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Read more at Commentary

More about: Affirmative action, American Jewry, History & Ideas, Israel & Zionism, Nathan Glazer, Neoconservatism

UN Peacekeepers in Lebanon Risk Their Lives, but Still May Do More Harm Than Good

Jan. 27 2023

Last month an Irish member of the UN Interim Force in Lebanon (UNIFIL) was killed by Hizballah guerrillas who opened fire on his vehicle. To David Schenker, it is likely the peacekeeper was “assassinated” to send “a clear message of Hizballah’s growing hostility toward UNIFIL.” The peacekeeping force has had a presence in south Lebanon since 1978, serving first to maintain calm between Israel and the PLO, and later between Israel and Hizballah. But, Schenker explains, it seems to be accomplishing little in that regard:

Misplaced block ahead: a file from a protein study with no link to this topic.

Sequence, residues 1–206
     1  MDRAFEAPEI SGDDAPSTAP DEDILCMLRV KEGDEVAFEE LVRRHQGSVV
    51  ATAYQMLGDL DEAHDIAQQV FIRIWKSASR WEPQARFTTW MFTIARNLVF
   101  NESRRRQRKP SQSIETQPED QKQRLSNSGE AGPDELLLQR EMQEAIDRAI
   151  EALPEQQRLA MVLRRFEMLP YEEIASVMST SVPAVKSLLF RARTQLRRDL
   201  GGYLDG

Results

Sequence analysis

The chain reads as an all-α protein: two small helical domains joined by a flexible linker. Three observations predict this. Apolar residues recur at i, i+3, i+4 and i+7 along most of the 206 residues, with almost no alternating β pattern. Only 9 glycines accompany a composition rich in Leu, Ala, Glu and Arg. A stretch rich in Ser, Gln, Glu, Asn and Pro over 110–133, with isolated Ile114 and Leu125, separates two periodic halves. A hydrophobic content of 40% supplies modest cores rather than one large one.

In its biannual reports to the Security Council, UNIFIL openly concedes its failure to interdict weapons destined for Hizballah. While the contingent acknowledges allegations of “arms transfers to non-state actors” in Lebanon, i.e., Hizballah, UNIFIL says it’s “not in a position to substantiate” them. Given how ubiquitous UN peacekeepers are in the Hizballah heartland, this perennial failure to observe—let alone appropriate—even a single weapons delivery is a fair measure of the utter failure of UNIFIL’s mission. Regardless, Washington continues to pour hundreds of millions of dollars into this failed enterprise, and its local partner, the Lebanese Armed Forces.